In face of rising air pollution, Rwanda turns to electric vehicles

At a glance, you might mistake the three-stall, white and green EV Plugin station in downtown Kigali for a collection of petrol pumps. This, however, is a charging station for electric vehicles (EVs), one of nearly 200 in the Rwandan capital.

Capable of charging both cars and motorcycles, the station in many ways symbolizes Rwanda’s hopes of becoming an electric vehicle powerhouse.

The country of 13 million has in recent years introduced tax breaks for EV buyers, cultivated local electric vehicle makers and unveiled ambitious plans to electrify public buses. The changes are part of the country’s efforts to curb rising air pollution and cut down on the greenhouse gas emissions that are driving climate change. 

“E-mobility is one of the transport decarbonization initiatives the government has undertaken,” says François Zirikana, an e-mobility specialist with the City of Kigali. “Other initiatives include Kigali bike share scheme as well as car-free zones and car-free days.”

Close to 900 locally made electric vehicles now ply Rwanda’s roads, including motorbikes from startup Ampersand. Major global manufacturers have also targeted the country, which was home to the first electric Volkswagen in Africa. As well, electric trucks  have been used to deliver essentials in rural areas.

The United Nations Environment Programme (UNEP) has supported Rwanda’s shift to electric vehicles, working with government officials to speed the rollout of electric motorbikes and three-wheelers. The work in Rwanda is part of a broader UNEP effort to limit air pollution, which kills an estimated 7 million people a year, many in developing countries.

UNEP’s Electric Mobility Programme supports more than 50 low-and-middle-income countries with the shift from fossil fuel to electric vehicles through projects such as the SOLUTIONS+ project implemented by the Urban Electric Mobility Initiative.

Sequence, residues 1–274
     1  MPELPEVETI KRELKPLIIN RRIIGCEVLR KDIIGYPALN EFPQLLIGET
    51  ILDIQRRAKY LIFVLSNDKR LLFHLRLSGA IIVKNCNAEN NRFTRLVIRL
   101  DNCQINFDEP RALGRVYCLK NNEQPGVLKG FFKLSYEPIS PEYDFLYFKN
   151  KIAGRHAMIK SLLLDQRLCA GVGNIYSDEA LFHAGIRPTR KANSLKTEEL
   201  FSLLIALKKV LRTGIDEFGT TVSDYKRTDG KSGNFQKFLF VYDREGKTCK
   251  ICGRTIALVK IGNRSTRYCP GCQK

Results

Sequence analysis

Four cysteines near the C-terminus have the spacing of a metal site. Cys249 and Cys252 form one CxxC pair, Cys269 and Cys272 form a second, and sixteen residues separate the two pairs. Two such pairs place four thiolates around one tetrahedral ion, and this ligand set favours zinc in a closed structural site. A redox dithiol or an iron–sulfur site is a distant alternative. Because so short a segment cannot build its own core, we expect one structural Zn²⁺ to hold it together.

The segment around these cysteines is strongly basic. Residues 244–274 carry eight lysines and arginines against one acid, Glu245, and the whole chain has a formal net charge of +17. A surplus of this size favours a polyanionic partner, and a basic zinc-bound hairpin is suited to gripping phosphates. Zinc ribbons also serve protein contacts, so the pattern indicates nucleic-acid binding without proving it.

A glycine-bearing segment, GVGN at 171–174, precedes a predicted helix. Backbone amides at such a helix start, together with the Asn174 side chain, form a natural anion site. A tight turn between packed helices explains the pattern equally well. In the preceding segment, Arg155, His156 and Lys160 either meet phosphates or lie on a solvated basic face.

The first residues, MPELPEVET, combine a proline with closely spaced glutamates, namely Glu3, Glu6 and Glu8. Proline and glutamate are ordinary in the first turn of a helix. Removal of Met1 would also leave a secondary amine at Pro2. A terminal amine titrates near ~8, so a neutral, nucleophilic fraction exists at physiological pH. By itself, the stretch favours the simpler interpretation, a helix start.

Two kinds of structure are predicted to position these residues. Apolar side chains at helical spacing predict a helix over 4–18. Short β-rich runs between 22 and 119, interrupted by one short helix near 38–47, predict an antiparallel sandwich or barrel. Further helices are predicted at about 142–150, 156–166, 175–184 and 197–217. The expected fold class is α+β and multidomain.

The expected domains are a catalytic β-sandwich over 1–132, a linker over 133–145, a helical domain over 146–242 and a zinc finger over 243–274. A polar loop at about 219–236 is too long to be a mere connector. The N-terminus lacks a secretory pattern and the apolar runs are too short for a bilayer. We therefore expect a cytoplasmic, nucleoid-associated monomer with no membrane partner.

“To meet the targets of the Paris Climate Agreement and to reduce increasing air pollution, it is essential that low- and middle-income countries are part of a global shift to zero emissions electric mobility,” says Rob de Jong, the head of the sustainable mobility unit at UNEP.

In order to accelerate the e-mobility uptake, the Government of Rwanda has put in place several strategies to serve as incentives. These include the introduction of lower electricity tariffs for electric vehicle charging as well as the exemption of duties for electric vehicles and their accessories.

“The government also plans to introduce a carbon tax to discourage polluting vehicles, impose a five-year age limit for imported second-hand cars and enforce existing emission measures to discourage the purchase of polluting vehicles,” says Zirikana. 

According to the Rwandan government, the cost of transitioning to e-mobility and the adoption of electric vehicles will be US $900 million. However, ​​transitioning to electric motorcycles alone, which is an important mode of transport, would save the Rwandan economy US $22 million in fuel imports every year.

It would also take a sizeable bite out of the greenhouse gas emissions that are driving the climate crisis. According to the Rwanda Environment Management Authority, road transport contributes to 13 per cent of the country’s greenhouse gas emissions.

By 2030, Rwanda is aiming to have 20 per cent of buses, 30 per cent of motorcycles and 8 per cent of cars electrified.

Globally, the transport industry is the fastest-growing source of greenhouse gas emissions and is expected to produce more than 30 per cent of those gases in the future. It is also a leading emitter of short-lived climate pollutants and it contributes greatly to air pollution.

In collaboration with partners, UNEP is supporting African countries including Rwanda, Tanzania, Cote d’Ivoire and South Africa, adopt soot-free public transportation through the introduction of electric buses as well as two- and three-wheelers.

Building upon its successful campaign to eliminate leaded petrol and reduce sulfur levels in diesel fuels, UNEP is supporting countries in developing strategic roadmaps and conducting feasibility assessments to establish the groundwork for a low-carbon future for public transportation.

While Rwanda is among the first African countries to embrace e-mobility, Zirikana explains that the country is still facing challenges with uptake due to issues, such as the relatively high cost of new e-vehicles, inadequate public charging infrastructure and a technical skills gap.

“The government is, however, endeavouring to address these challenges through various incentives, such as tax exemptions, as well as working with local e-mobility operators to provide training to the youth,” he says.